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New employees commonly are asked to sign an acknowledgement form saying that they “have read and understand” their company’s employee handbook. But such documents often contain a level of detail that can overwhelm a new hire.
This issue was recently put before members of the Society for Human Resource Management’s Employee Relations Special Expertise Panel and was presented to HR professionals on the business networking site LinkedIn. The challenge: Write an employee handbook using 25 words or less.
The responses, though varied, had a number of common themes that hearken to early childhood guidance, such as: Work hard and be nice to people.
For example, Amanda Haddaway, director of human resources and marketing for Folcomer Equipment Corp. in Frederick, Md., said: “Be a responsible employee by being present, working hard, using common sense and acting in a legal and effective manner. When in doubt, ask manager.”
And Jenilee Deal, an HR associate at the California investment firm Bailard, Inc., said: “Use your best judgment and exceed the highest standards. Foster enthusiasm, reliability, communication, positivity and honesty.”
Panel member Chana C. Anderson, SPHR-CA, CCP, director of HR for the Jewish Home San Francisco, used a couple of extra words to emphasize the consequences employees face when they don’t follow the rules: “Do your best, be honest, and treat each other and the company with respect.Do this and we’ll all get along fine! Don’t and it’ll be time to find yourself another job.”
Fellow panel member, Vicki K. Kuhn, PHR-CA, HR manager for Fugate Enterprises, a company that operates fast food restaurants such as Pizza Hut and Taco Bell, customized her mini handbook for restaurant employees: “We’re here to run good restaurants so be clean, polite and don’t steal.Practice the golden rule and common sense and don’t touch others.”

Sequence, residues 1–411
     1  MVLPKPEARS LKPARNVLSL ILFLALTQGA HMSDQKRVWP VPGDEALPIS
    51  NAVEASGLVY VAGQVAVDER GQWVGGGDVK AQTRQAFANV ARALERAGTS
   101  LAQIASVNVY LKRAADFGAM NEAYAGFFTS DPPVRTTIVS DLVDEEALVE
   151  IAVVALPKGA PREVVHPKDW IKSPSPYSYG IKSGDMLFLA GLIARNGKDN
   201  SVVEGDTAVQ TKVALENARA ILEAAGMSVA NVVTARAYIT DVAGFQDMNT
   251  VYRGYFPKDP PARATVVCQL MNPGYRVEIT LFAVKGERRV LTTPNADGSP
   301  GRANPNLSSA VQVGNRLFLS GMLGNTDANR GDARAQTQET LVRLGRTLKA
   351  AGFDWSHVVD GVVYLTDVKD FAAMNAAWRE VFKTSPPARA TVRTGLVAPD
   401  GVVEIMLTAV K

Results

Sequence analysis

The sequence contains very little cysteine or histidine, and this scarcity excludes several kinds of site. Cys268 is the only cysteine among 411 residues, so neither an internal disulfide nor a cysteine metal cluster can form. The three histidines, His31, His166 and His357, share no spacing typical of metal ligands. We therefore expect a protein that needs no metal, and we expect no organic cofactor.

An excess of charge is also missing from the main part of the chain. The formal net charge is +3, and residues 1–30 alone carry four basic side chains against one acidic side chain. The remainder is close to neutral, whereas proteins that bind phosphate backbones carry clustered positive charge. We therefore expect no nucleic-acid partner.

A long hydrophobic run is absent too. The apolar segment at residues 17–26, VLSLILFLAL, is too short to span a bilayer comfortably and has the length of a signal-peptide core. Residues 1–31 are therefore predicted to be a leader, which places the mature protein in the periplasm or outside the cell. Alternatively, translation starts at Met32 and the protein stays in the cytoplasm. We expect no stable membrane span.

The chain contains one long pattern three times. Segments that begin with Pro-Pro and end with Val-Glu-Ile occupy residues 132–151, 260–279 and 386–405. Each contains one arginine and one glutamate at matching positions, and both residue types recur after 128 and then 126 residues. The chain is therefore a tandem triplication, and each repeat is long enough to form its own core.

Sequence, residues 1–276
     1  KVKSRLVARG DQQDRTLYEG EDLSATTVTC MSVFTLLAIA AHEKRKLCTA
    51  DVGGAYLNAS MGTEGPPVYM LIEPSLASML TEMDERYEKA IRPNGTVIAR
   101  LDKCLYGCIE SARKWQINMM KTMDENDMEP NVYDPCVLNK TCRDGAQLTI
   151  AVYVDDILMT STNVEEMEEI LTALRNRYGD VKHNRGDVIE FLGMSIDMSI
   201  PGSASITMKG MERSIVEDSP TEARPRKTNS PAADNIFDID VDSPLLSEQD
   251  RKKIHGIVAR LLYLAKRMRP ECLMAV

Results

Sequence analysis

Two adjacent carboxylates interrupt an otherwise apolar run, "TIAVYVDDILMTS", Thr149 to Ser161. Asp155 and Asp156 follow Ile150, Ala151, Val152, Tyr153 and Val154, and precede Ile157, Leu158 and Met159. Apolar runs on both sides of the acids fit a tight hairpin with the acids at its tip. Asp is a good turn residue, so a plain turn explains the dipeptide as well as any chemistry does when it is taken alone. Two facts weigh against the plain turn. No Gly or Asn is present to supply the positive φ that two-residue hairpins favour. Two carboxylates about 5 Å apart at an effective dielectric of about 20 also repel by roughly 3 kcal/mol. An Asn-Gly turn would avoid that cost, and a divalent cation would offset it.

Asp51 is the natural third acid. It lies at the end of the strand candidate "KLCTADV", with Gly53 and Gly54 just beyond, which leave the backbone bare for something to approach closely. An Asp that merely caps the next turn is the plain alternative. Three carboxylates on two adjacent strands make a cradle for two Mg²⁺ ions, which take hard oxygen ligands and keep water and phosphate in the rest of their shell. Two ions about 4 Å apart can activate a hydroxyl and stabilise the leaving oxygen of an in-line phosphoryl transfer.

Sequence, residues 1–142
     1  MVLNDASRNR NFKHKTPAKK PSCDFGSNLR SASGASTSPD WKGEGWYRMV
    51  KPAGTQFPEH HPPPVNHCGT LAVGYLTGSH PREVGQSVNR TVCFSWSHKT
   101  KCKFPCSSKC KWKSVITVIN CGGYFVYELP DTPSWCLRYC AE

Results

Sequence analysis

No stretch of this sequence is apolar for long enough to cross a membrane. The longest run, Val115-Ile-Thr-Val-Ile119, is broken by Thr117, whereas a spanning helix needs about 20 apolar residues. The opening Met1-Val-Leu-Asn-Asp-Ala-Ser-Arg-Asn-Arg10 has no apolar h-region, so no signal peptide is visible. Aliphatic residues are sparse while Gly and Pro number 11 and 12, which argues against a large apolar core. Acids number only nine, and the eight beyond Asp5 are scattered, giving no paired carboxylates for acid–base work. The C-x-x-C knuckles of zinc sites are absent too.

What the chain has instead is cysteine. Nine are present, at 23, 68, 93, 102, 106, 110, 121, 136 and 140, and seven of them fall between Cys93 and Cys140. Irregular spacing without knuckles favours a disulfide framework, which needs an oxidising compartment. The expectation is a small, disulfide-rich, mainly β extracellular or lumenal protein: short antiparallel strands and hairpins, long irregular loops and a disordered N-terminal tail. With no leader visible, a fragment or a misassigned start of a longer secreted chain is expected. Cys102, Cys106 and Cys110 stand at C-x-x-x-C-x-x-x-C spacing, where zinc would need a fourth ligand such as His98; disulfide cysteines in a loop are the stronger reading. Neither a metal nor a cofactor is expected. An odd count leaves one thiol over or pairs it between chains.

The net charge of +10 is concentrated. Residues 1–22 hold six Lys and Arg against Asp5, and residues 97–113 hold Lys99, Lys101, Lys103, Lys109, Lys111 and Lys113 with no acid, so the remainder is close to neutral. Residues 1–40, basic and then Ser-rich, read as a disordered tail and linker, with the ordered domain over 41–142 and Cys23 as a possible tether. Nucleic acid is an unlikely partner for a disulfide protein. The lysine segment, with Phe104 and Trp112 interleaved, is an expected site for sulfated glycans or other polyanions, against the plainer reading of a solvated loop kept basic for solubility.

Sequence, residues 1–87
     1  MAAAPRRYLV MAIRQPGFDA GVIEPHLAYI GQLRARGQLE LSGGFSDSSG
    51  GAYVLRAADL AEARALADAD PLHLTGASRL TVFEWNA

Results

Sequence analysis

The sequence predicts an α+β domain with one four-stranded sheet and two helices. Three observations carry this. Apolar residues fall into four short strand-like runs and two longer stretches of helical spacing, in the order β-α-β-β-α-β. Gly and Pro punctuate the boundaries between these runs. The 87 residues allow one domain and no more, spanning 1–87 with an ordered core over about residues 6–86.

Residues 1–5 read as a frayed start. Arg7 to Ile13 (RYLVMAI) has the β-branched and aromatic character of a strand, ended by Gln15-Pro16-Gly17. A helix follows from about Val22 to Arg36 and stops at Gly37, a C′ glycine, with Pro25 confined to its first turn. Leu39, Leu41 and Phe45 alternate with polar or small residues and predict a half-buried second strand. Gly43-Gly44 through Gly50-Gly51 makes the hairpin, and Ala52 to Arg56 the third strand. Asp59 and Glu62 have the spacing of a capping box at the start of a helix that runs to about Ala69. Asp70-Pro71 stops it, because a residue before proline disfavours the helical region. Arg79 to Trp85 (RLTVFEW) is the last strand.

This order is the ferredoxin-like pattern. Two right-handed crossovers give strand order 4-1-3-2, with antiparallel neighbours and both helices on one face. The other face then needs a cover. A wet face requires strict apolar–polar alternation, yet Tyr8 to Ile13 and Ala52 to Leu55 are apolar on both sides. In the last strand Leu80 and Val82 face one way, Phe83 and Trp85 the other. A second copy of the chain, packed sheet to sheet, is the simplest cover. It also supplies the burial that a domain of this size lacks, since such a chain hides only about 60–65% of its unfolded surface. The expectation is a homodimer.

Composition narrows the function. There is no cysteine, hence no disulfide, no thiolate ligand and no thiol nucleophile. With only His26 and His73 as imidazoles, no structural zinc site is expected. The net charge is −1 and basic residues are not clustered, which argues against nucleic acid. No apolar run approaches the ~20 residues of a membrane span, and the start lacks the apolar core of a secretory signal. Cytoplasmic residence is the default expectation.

Some who chimed in to the LinkedIn discussion emphasized the importance of personal responsibility and included advice such as “do the right thing” and “do your best to enjoy life.”
Bob Mosby, strategic account manager at the staffing services company Johnson Service Group Inc., included a list of priorities in his submission: “You are president and CEO of your work performance,” he told
SHRM Online. “Success formula: customers first, company and colleagues second, self third. Always do your best for others.”
And Elliot Echlov, an information technology professional for a South Carolina-based health care organization, provided an employee’s take on an ideal 25-word handbook: “Be honest. Be ethical. Take ownership. Take responsibility. Share knowledge. Think differently. Work together. Be professional.”
Keep It Simple
Twenty-five words might not be enough to communicate everything an organization needs its employees to know, but HR professionals said simple is good.
Phyllis Hartman, SPHR, president of the HR firm PGHR Consulting, Inc., in Pittsburgh, said a handbook should be only the length necessary to communicate expectations clearly. “Detailed policies can be developed and provided to those who want or need them,” she told
SHRM Online. “In today's world of rapid, constant change, having too much in writing can defeat employees and companies!”
Dawn M. Adams, PHR, owner of the Hartland, Wis.-based consulting firm HResults, and member of SHRM’s employee relations panel, said that employee handbooks should be “strong enough that they set the rules, yet broad enough that they don't handcuff managers to one set procedure.”
HR manager and SHRM panel member David J. Koesters, SPHR, agreed. “While it’s important to do things right, it is more important for a company to do the right thing based upon the circumstances,” he said. “The handbook is a guideline that allows a manager flexibility to do the right thing in a given situation based upon the facts.”
Fellow panel member Darlene J. Porter, SPHR, senior manager, talent management/employee relations, for AFLAC in Columbus, Ga., added that policies and handbooks should be “as simple as the company culture and employee mind-set will allow.”
Her mini handbook gives employees the answer to the “what’s in it for me?” question: “Work is a partnership. If you do your job to your best ability the company can share the rewards of mutual success with you.”
“Extensive HR policies and procedures only allow individuals to abdicate their personal responsibility and deflect people being fully human at work,” said Patti Digh, a management consultant, speaker and author from Asheville, N.C. Her message to employees? “Be kinder than necessary. Speak truth to power. Create your best job. Respect the company’s assets. Be your own boss. Learn from your mistakes.”
Why Handbooks Rarely Are Simple
Although the idea of a 25-word handbook might be appealing to employers—and employees— employment laws often prescribe requirements that make such brevity a challenge.
Every policy in a handbook can have legal implications, Devora L. Lindeman, senior counsel for the management-side law firm Greenwald Doherty LLP in New York, told